In George Lakey's workshop on Quakers & Social Class we play a game that very roughly estimates the social class structure in the United States. There, the rules and goals are set out before the participants at the beginning. I've participated in this game once, led it twice, and observed it once, and I've noticed this one thing about it the game:
Lots of Quakers do things that break the rules, but no one (save me) wanted to change the rules.
Yes, my sample size is small. But I was surprised that starting a coop or creating a collective, or trying individually to play by different rules didn't change anything at all about the game or its rules.
When I played, at the point at which the power rested in the hands of a few, I blocked the door to keep them from going out to make the decisions on how the game ends. I didn't understand why their Quaker value of equality wasn't kicking in, didn't understand why they just accepted the rules as they'd been given to us.
At the time, I was immersed in the experience and couldn't be this articulate about it. I just had strong feelings of anger and hurt and confusion because I couldn't square what we say we believe in as a people of faith, and our obedience to a random set of rules.
I still can't square my experience of the game with our stated testimony of equality.
It's a poker chip trading game called Star Power with three simple rules.
1. The goal is to get as many points as possible.
2. You must be shaking hands until you've agreed on a trade.
3. All trades must be unequal.
At the end of three rounds, the sub-group with the most points gets to go outside the room to decide what happens next, how the game should end. When I played the game, I tried to convince people to change the rules, but few if any seemed to want the same.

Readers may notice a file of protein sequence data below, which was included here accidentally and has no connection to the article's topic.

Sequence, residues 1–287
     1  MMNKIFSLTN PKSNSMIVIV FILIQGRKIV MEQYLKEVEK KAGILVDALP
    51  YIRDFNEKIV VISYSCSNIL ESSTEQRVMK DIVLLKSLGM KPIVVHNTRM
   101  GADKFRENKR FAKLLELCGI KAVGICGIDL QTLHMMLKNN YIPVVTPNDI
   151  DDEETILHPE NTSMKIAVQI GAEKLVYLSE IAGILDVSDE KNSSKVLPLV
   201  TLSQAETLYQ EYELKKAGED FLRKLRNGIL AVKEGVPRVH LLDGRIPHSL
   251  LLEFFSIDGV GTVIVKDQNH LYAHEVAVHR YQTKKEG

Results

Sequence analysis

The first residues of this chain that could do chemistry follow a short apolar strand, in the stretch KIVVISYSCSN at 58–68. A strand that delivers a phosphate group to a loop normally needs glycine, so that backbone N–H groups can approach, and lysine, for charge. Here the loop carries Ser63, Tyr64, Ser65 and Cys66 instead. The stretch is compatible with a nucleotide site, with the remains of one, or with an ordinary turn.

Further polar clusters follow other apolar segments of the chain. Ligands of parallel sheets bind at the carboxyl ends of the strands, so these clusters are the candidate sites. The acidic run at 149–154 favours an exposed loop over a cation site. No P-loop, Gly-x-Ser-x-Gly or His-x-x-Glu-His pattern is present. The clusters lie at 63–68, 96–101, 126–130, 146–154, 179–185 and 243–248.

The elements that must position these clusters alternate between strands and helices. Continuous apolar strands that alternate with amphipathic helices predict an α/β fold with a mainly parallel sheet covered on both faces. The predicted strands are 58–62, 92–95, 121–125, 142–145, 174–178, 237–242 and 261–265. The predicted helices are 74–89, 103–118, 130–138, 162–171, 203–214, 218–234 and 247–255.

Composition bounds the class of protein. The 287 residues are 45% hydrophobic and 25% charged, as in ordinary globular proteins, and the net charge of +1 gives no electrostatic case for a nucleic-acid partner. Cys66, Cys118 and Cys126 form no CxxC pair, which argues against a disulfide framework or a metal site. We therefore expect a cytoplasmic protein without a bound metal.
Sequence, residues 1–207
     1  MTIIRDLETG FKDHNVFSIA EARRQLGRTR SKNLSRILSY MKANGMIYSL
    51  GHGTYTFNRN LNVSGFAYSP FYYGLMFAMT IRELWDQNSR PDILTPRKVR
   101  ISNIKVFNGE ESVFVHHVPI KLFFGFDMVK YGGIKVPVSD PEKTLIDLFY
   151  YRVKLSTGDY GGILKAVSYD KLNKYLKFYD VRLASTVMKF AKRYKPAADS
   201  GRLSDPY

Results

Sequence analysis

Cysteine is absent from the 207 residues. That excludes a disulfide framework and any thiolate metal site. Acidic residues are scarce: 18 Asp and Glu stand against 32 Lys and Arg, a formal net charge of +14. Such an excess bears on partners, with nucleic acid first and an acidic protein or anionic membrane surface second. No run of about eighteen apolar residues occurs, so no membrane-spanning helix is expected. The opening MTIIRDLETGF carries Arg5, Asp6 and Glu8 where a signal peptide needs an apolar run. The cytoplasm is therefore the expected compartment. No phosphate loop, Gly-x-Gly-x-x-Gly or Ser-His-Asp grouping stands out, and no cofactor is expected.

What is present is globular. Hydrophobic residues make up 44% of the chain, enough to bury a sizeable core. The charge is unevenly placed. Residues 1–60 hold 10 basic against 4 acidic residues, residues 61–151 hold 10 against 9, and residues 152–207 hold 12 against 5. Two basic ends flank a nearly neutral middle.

My observations about how I've seen Quakers engage with this game matters to me because the game is an approximation of the social class structure in the U.S. If our instincts don't lead us to try to change the rules in this game, we won't be led to change the rules in our society that support and perpetuate an oppressive classist system.
I still want to change social class rules because as Quakers, if we believe in equality, we not only should break the rules in our own lives, we should be trying to change the rules. We like to think of ourselves as rule changers. Unfortunately, we're only upsetting the power structure sometimes. I can't honestly think of any rule changing behavior right now (though I can think of social class rule breaking folks).
I'm not changing the rules either. But I thought I could start here, in this little blog, by making social class rules explicit, especially among Friends. I'll start with this rule, which I am breaking among Friends:
Do not try to inhabit a role outside of your social class
I went to college in 2004, at 37 years old, at a four-year school that is primarily for working class people. There, both instructors and other students saw my leadership capacity; they and I nurtured my gifts. In the years I spent among Friends though, this capacity of me was never seen, acknowledged or nurtured. This is because people like me, who grew up working class, and people who grew up poor, are not supposed to act like managers, to be leaders.
The acts of writing this blog and giving workshops on social class is breaking this rule.
Being an expert, a teacher, is hard to do at times. I hear in my head, "Who do you think you are? What do you know? They're the ones with the fancy degrees. They're the ones whose parents read to them. They're the ones who were groomed to be standing up here, telling you some truth about the world. You're supposed to be sitting, learning from them."
Early in the week at Gathering, our suite-mate who also grew up working class described reaching for something more than she was expected to do feels like reaching through a heavy, wet blanket. This feels true to me.
Every time a person living in poverty (not situational poverty, or chosen poverty) strives for a union job, every time a working class person reaches for the middle class by going to college, we're breaking this rule.
So how are you breaking social class rules? How are you trying to change the rules of the game? What is your meeting doing to change the rules as well as break them? Does God want Quakers to support this classist system?